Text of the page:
Family members of Georgia Tech student Scout Schultz say they plan to file a civil rights lawsuit after the 21-year-old was fatally shot by campus police on Saturday night.
Schultz, whose gender identity was non-binary and who wished to be referred to by the pronoun “they,” was an engineering student and president of Georgia Tech’s Pride Alliance. Police say the student approached officers with a knife around 11 p.m. on Saturday.
Schultz appears emotionally distraught in bystander footage of the shooting. Officers can be heard repeatedly telling Schultz to “drop the knife,” but Schultz tells officers to shoot. At one point, someone says, “No one wants to hurt you, man.”
In the graphic video below, Schultz can be seen continuing to approach the officers before a single gunshot rings out, followed by screams.
Schultz’s mother, Lynne Schultz, told the Atlanta Journal Constitution that her child had several medical issues, including depression, and had attempted suicide two years ago. But she said she doesn’t believe that Schultz was attempting “suicide by cop,” or provoking police into killing them.
During a press conference alongside civil rights attorney L. Chris Stewart on Monday, Schultz’s family members questioned why officers didn’t use a Taser or mace and whether police had received training for interacting with people who are mentally disturbed.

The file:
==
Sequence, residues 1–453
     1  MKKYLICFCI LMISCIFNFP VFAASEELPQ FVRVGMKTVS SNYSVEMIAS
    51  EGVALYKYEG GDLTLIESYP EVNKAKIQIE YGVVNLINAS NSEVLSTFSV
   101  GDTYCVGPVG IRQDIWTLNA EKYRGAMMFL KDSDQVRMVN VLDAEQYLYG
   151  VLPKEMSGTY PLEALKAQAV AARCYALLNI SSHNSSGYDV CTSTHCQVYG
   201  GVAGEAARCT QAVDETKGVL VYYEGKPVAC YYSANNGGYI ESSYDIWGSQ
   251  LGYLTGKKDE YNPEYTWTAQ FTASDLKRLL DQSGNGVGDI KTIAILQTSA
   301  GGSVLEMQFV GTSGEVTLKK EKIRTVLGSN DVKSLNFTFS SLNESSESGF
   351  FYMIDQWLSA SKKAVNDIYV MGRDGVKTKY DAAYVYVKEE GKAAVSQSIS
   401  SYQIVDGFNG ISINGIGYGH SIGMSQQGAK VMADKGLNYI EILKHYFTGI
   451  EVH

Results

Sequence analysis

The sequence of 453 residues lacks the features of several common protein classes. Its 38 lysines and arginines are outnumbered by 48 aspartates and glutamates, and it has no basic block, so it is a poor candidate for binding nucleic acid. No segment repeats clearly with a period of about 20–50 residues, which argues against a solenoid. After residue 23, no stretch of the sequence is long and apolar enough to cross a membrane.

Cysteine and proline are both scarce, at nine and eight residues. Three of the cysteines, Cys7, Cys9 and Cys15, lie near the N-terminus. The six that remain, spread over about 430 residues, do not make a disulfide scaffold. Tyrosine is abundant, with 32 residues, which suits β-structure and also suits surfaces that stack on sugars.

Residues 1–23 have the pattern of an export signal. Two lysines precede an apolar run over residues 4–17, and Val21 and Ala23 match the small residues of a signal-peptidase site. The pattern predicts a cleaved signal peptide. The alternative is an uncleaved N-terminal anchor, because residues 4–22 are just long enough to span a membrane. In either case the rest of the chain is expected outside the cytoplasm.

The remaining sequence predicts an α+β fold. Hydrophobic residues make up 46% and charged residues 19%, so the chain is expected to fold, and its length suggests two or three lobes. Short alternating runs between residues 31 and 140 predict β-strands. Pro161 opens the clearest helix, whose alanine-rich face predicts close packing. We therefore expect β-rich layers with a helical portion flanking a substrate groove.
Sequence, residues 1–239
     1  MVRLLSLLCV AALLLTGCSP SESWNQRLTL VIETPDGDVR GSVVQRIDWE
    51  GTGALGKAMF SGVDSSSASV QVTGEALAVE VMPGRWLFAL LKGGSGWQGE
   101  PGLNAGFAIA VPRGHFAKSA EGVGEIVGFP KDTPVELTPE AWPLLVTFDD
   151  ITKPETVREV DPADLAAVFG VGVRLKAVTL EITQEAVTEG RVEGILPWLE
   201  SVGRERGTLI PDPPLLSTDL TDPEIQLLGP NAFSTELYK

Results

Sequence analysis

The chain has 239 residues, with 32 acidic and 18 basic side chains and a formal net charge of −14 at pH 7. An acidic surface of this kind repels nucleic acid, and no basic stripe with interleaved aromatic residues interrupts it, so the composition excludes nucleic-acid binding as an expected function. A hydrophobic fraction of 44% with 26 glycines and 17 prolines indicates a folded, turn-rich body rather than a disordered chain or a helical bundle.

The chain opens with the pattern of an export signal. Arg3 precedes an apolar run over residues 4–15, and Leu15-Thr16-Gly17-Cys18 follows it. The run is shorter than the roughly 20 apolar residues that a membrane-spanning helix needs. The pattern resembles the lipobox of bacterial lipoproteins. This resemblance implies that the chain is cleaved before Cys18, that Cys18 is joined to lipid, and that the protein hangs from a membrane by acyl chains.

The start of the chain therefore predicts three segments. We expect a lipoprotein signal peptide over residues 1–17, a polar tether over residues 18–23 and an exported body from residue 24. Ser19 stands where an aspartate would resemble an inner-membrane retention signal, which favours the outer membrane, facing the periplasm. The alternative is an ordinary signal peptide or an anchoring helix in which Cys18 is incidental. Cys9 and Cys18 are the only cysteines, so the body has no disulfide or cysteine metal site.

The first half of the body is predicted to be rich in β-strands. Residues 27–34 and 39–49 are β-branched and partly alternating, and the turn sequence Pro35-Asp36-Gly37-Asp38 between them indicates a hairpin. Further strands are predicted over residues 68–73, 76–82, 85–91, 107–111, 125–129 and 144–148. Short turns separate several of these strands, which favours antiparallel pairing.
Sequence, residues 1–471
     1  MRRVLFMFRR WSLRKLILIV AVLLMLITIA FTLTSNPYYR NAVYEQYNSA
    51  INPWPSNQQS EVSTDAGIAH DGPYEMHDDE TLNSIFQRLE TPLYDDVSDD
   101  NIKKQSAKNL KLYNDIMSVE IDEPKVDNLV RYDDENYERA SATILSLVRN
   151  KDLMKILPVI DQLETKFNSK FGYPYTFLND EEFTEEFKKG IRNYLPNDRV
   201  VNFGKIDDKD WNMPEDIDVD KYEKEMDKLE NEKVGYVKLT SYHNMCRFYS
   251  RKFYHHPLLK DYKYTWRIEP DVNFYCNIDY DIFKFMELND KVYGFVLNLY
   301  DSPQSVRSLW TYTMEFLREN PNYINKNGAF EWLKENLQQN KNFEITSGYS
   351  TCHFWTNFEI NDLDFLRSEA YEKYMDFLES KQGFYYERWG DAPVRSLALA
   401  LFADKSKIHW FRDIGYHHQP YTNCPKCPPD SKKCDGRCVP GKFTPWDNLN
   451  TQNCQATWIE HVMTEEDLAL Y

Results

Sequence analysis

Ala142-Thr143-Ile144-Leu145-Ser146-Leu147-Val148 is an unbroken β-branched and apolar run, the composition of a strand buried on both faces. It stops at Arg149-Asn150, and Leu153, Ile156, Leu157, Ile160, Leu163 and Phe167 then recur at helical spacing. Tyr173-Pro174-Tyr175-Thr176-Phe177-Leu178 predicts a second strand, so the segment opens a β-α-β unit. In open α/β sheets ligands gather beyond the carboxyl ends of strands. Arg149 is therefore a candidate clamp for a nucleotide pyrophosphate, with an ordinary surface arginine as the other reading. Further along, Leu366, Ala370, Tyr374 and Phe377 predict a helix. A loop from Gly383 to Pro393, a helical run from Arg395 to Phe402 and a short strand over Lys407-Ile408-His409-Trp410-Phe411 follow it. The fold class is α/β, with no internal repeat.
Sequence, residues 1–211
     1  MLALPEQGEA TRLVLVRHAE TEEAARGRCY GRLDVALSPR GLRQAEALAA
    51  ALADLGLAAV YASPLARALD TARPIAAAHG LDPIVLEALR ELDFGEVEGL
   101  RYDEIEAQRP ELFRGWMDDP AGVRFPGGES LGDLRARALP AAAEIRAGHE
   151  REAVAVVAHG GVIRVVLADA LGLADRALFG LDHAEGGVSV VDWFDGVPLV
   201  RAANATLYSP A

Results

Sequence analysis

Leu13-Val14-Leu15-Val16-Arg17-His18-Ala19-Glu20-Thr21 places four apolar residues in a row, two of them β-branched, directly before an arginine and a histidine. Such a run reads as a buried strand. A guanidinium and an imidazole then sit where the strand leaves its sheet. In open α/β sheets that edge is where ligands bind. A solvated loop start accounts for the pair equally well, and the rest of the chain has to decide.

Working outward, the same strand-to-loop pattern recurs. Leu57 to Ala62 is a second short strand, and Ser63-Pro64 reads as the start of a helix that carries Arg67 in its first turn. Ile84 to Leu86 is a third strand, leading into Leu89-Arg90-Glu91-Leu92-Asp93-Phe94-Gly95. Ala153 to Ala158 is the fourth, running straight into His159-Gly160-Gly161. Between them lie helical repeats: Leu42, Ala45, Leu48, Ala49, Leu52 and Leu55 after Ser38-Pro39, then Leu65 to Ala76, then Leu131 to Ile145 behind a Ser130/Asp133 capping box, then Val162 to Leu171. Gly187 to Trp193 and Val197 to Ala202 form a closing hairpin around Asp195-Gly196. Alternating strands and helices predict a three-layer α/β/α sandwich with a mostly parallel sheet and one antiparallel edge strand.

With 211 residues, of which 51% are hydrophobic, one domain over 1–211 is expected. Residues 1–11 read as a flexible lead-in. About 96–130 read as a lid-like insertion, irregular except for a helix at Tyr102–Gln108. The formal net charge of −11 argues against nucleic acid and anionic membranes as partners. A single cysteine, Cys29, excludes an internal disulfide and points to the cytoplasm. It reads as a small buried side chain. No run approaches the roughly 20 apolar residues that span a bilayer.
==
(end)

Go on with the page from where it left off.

“Why did you have to shoot? Why did you kill my son?” Schultz’s father asked.
The Georgia Bureau of Investigation said it is now investigating the shooting.
“Officers provided multiple verbal commands and attempted to speak with Schultz, who was not cooperative and would not comply with the officers’ commands,” the agency said in a statement on Sunday. “Schultz continued to advance on the officers with the knife. Subsequently, one officer fired striking Schultz.”
According to a 2015 U.S. Transgender Survey Report that surveyed 27,715 transgender people across the U.S., 40 percent of respondents reported having attempted suicide in their lifetime. That percentage is nearly nine times the overall attempted suicide rate in the U.S., which was 4.6 percent.
“Respondents also encountered high levels of mistreatment when seeking health care,” the study found. “In the year prior to completing the survey, one-third (33%) of those who saw a health care provider had at least one negative experience related to being transgender, such as being verbally harassed or refused treatment because of their gender identity.”
If you or someone you know needs help, call 1-800-273-8255 for the National Suicide Prevention Lifeline. You can also text HELLO to 741-741 for free, 24-hour support from the Crisis Text Line. Outside of the U.S., please visit the International Association for Suicide Prevention for a database of resources.
- This article originally appeared on HuffPost.